TAX SAVINGS BONUS: Moving money from a government-controlled retirement plan into a Barefoot Retirement policy can also REDUCE the taxes you may owe on your Social Security benefits when you retire.

Many people are happy to discover that it's possible that up to 85 % of your Social Security benefits might be taxed when you retire.

After all, you paid into the system for a long time– shouldn't every penny of what you receive from it belong to you?

We think it should, which is another reason the Barefoot Retirement method makes so much sense!

The income you take from a Barefoot Retirement policy does NOT get counted in the IRS calculations used to determine how much of your Social Security benefit is going to get taxed.

Thus the more funds you move into a Barefoot Retirement account, the less funds will be calculated in the IRS Social Security tax calculations.

If you haven't turned 59-1/2 yet …

As you're probably aware, if you take distributions from a tax-deferred government-controlled plan before you reach age 59-1/2, the government requires you to pay income taxes on the funds you withdraw PLUS a 10 % penalty, in most cases.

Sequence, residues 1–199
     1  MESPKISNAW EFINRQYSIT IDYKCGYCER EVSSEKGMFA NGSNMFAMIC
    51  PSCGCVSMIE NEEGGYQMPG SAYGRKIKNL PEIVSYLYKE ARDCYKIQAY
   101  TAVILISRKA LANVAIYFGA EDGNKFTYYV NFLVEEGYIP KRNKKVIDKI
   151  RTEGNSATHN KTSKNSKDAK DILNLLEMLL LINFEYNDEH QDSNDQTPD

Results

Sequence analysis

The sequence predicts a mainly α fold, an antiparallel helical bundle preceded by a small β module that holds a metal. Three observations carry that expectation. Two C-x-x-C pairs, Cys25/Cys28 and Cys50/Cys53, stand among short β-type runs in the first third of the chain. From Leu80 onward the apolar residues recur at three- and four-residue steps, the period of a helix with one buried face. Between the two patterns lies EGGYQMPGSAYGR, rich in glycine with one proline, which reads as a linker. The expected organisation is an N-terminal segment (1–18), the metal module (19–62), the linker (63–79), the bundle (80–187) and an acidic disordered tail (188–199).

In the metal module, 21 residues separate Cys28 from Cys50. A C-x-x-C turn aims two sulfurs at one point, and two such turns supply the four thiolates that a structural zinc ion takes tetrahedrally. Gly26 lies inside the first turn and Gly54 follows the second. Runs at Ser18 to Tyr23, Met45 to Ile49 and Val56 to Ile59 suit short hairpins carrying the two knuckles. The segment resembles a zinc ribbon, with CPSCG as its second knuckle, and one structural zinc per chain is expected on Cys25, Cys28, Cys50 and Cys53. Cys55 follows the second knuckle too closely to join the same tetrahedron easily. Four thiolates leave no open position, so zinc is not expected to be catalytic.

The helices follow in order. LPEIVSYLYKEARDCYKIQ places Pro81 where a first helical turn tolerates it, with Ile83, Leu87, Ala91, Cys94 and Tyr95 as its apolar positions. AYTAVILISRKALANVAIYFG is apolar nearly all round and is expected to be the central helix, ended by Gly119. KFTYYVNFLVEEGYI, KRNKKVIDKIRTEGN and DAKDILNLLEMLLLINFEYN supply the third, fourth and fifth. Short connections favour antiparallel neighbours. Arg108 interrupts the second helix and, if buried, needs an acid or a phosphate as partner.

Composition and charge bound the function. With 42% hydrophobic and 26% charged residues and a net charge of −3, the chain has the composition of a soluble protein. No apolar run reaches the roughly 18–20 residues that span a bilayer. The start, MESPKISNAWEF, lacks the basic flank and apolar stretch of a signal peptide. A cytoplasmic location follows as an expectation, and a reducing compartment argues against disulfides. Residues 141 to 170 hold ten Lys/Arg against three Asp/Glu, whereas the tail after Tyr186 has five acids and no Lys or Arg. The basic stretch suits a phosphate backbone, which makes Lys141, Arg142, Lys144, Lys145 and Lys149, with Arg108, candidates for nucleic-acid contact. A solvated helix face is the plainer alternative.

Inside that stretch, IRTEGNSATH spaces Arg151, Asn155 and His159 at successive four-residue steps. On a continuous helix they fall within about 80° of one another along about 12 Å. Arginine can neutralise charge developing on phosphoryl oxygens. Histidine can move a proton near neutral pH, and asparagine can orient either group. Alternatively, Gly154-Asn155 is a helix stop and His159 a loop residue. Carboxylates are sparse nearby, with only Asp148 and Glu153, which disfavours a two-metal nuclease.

There is simply no way to get around paying Uncle Sam income taxes on withdrawals from qualified accounts if you have not turned 59 1/2. However, if you believe tax rates are going up long term like we do, you'll come out ahead paying the taxes now and moving your money into a Barefoot Retirement policy.

You can access both your principal and growth in a Barefoot Retirement plan with NO Taxes Due, under current tax law.

How To AVOID Owing the 10 % Early Withdrawal Penalty …

You can avoid paying the 10 % early withdrawal penalty by taking advantage of Internal Revenue Code 72(t).

That's shorthand for a provision in the tax code that allows you to take early distributions from your retirement plan or IRA and avoid the 10 % penalty.

You can avoid that penalty as long as the distributions are made as part of a “series of substantially equal periodic payments” (or SOSEPP for short).

Once you start taking these distributions, you have to keep it going for the longer of five years or until you reach age 59-1/2.